Edinburgh Research Explorer

Chinese he 和 in many keys, harmonised in Europe

Research output: Chapter in Book/Report/Conference proceedingChapter (peer-reviewed)

Original languageEnglish
Title of host publicationKeywords in Chinese Culture
EditorsWai-yee Li, Yuri Pines
PublisherChinese University Press of The Chinese University of Hong Kong
Chapter2
Pages37-84
Number of pages48
Publication statusPublished - Mar 2020

Abstract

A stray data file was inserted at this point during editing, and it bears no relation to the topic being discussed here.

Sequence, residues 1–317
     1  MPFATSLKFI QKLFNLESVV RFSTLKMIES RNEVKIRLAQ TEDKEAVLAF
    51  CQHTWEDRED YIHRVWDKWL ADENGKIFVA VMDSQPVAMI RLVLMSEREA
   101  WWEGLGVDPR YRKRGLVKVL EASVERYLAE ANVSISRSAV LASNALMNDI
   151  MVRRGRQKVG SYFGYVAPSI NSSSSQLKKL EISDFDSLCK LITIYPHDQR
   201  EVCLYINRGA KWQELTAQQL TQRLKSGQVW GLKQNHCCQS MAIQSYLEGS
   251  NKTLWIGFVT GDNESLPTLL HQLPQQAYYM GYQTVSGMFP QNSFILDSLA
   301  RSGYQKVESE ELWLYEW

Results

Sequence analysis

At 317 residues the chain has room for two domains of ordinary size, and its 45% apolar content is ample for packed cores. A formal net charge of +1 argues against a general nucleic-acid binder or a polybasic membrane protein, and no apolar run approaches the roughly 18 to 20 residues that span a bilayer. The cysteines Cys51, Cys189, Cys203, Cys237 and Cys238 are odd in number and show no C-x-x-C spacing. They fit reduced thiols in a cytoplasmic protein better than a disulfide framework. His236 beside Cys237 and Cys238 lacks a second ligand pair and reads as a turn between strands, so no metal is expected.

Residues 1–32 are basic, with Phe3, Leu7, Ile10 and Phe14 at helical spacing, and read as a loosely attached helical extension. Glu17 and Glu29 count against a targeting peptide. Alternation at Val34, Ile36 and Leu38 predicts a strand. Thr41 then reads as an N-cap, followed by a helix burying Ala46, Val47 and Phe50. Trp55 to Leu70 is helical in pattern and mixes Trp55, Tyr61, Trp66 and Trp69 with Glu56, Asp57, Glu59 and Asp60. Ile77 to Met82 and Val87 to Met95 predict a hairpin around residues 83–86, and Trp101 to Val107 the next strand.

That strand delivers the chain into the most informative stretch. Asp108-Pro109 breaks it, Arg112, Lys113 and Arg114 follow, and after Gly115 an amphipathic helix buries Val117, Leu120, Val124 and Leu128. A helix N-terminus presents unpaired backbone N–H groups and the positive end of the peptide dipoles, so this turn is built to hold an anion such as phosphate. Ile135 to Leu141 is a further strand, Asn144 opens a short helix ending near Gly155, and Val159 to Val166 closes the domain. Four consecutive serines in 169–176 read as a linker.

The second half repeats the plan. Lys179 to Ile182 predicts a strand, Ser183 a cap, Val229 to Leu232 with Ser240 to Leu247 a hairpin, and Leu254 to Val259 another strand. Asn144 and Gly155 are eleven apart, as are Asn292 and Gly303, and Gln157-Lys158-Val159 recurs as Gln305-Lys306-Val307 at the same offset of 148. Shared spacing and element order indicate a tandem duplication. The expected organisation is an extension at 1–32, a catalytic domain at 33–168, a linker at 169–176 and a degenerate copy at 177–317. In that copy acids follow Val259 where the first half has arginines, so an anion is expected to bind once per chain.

The paper argues, first, that there is no consistent and unified idea of harmony in early Chinese texts. Talking about harmony in China in most cases follows two fallacious assumptions, first, that identical terms refer to similar concepts and, second, that the Western term “harmony” is a good translation for most of these terms or should consistently be used when translating the character he 和. Second, I will discuss when, how and why the Western term “harmony” came to be used to cover all these aspects. The notion of “harmony” did not play any significant role in Western or Eastern discussions of Chinese culture before the 1920s. The connection between China and “harmony” originated not from engagement with Chinese tradition but emerged from two mutually independent movements that had their roots in concerns about European culture. First, in Pietistic, Hermetic and Mesmeric movements in the late 18th and early 19th century from where it advanced to become widely used as a vogue expression in intellectual and artistic circles in the late 19th and early 20th century. Second, in the revival of Western interests in Asian philosophies and religions in the late 19th and early 20th century in which this term was applied to Asian philosophies and religions. Chinese discourses on China took it over from there.

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